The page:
WMATA: Expect Fewer Trains, Slower Service to Continue on Red Line

WASHINGTON — Riders of Metro’s Red Line should expect fewer and slower-moving rush hour trains on the line through at least July 19 while the National Transportation Safety Board continues its investigation into the cause of the June 22 train accident near the Fort Totten Metrorail station.

Red Line riders can expect that their trips may take an additional 30 minutes or possibly more to complete and they should build that added time into their plans.

Two six-car Red Line trains collided at 5 p.m. Monday, June 22, leaving four people dead, including a female train operator. In addition, there were a number of injuries reported, many serious.

According to authorities, one train rear-ended the other. The operator who was killed in the crash was on the trailing train.

Trains must continue to move one at a time at a reduced speed between the Takoma and Fort Totten Metrorail stations. This causes the other trains along the line to move slower and wait for the ones that are passing through the accident area. It also results in fewer trains along the busy Red Line because the system’s ability to move more trains is impacted when they must move one at a time between the two stations.

If trains get backed up, it is possible that some may be offloaded to turn trains around. This maneuver will allow Metro to get some trains to Glenmont, which in turn can provide more service for people traveling from Glenmont or Silver Spring into downtown Washington.

During this same timeframe, the Takoma Metrorail station will close at 10 p.m. each night to allow investigators to continue their work. When the station is closed, the Red Line will be divided into two segments, with trains running between the Glenmont and Silver Spring Metrorail stations, and between the Fort Totten and Shady Grove Metrorail stations. Shuttle buses will take riders around the investigation work, stopping to pick up and drop off riders at the Fort Totten, Takoma and Silver Spring Metrorail stations.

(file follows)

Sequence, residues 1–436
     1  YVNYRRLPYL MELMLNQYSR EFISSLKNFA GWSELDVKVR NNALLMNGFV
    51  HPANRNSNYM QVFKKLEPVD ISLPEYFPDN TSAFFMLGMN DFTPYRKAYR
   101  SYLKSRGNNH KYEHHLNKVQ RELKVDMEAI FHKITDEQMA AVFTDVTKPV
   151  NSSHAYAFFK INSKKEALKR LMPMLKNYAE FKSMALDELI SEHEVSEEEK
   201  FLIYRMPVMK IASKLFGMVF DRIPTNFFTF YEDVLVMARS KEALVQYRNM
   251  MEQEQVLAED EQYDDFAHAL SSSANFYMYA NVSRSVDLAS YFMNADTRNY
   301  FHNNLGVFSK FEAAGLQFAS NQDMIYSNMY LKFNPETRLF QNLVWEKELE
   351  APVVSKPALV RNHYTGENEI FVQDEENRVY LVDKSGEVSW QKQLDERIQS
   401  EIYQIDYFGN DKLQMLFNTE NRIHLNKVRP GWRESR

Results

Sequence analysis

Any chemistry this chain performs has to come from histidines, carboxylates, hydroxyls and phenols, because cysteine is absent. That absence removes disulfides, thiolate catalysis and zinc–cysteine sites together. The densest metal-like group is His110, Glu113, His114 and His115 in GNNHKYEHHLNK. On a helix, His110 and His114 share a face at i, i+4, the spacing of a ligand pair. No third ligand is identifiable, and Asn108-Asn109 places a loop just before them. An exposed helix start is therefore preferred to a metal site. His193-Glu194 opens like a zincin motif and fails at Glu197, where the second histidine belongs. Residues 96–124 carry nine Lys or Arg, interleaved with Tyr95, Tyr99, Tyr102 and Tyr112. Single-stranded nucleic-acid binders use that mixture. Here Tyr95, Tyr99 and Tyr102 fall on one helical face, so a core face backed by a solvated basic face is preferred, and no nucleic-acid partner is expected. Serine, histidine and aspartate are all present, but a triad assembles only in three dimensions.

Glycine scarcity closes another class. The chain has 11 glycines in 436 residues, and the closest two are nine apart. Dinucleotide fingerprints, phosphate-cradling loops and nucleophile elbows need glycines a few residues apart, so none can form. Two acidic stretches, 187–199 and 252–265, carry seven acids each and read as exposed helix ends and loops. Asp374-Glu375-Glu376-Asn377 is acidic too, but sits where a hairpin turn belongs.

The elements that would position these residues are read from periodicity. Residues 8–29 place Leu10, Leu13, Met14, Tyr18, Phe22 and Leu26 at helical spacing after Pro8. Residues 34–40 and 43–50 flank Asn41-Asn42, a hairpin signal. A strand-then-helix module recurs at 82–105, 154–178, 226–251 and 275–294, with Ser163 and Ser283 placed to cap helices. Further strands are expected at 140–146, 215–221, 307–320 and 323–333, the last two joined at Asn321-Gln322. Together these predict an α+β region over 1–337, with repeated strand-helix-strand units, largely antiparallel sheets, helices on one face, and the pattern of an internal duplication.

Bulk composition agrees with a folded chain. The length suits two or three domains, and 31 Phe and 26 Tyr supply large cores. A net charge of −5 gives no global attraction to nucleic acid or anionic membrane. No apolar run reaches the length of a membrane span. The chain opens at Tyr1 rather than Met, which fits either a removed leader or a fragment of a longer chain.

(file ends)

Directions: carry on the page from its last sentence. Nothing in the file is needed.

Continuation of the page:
“I understand that our riders are experiencing uncomfortably crowded trains and platforms. I understand people’s commutes are taking longer to complete,” said Metro General Manager John Catoe. “Rider safety is the most important thing that we are focused on right now, even if safety means someone’s trip will take longer. We appreciate the patience that our riders have exhibited.”

If the NTSB is able to complete its work prior to July 19, service on the Red Line will return to normal. If the NTSB needs more time to conduct its investigation, Metro officials will announce an extension of the current Red Line service levels.